Judge Calabresi begins by reminding readers that Law and Economics has never been monolithic, despite what some of its critics believe. His own brand of Law and Economics has always been decidedly different from Chicago-school thought; but, at the same time, it was never outside the mainstream of economic thinking. Which is to say that Judge Calabresi’s approach to Law and Economics, as reflected in works such as The Cost of Accidents (Yale 1970), his famous Cathedral article with A. Douglass Melamed, and “The Pointlessness of Pareto” (100 Yale L.J. 1211 (1990-1991)) consistently offered an alternative perspective on Law and Economics to the “economic analysis of law” approach advocated by Richard Posner, William Landes, and others (not including Ronald Coase) at the University of Chicago. Instead of engaging in economic analysis to determine the efficiency properties of alternative legal rules – with a decidedly normative goal of ridding society of inefficient legal rules – Judge Calabresi’s approach has always been to use economics to explain or understand the real world of law as it is.

To take a simple example from Calabresi’s own work, when a property entitlement is protected by a “liability rule” (money damages) rather than a “property rule” (injunctive relief), a Chicago-school scholar would simply ask whether the one remedy is more efficient than the other. By contrast, Judge Calabesi (and his co-author Melamed) first sought to understand the economic meaning of the alternative remedies – a liability rule results in a forced sale of an entitlement from plaintiff to defendant at a price set by the court, while a property rule informs the defendant that if she must enter into a voluntary market transaction with the plaintiff in order to acquire the entitlement. Then, they explained why such a remedy might have a legitimate role in circumstances where transaction costs might impede efficient market transfers.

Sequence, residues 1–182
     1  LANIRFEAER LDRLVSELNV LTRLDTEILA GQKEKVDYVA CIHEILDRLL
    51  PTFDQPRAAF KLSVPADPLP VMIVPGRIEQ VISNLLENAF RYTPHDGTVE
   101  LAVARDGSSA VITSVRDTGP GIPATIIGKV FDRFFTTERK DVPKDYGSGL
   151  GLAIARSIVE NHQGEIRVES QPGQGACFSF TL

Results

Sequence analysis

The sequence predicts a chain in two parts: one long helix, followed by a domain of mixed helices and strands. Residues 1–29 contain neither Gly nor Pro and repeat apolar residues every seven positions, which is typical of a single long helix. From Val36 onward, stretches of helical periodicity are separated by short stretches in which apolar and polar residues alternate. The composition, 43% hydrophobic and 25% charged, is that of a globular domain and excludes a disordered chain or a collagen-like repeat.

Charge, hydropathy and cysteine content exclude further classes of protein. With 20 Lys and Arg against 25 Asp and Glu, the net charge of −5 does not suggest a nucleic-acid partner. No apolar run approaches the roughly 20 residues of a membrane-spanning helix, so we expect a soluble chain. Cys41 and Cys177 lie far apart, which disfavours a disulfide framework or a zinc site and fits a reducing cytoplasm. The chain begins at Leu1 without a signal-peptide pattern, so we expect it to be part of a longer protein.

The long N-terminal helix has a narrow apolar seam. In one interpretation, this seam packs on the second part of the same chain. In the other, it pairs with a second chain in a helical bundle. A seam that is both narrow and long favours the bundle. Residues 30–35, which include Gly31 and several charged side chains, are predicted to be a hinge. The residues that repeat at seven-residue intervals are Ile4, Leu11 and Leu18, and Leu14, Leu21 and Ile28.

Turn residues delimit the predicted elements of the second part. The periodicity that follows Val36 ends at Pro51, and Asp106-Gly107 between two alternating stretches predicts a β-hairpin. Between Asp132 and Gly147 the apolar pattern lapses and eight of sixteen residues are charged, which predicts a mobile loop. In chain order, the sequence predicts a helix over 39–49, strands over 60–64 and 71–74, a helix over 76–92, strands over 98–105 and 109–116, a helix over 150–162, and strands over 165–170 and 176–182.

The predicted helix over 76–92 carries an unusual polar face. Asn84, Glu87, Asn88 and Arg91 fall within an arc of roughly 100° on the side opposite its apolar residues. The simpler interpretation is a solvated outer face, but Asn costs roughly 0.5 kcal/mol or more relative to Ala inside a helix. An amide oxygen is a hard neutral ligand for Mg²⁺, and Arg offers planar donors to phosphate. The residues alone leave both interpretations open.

In his new book, Judge Calabresi calls for an “expanded economic theory” to better explain certain social and legal realities that cannot be explained by simple “economic analysis of law.” Those realities include the persistence of a healthy non-profit sector (as just one example of a preference for some amount of altruism and beneficence in society), the legal protections provided for the admittedly ambiguous and potentially very large category of “merit goods,” and, more broadly, the diversity of tastes and preferences of aggregations of social actors. While aware of the great challenge this poses for economists, Judge Calabresi expresses great optimism that economic theory can meet the challenge. After all, he observes, way back in 1937 Ronald Coase was able to explain a preference for certain hierarchically organized command-structures (that is, firms) within markets, based on the implicit costs of using the market mechanism for organizing production in certain sectors.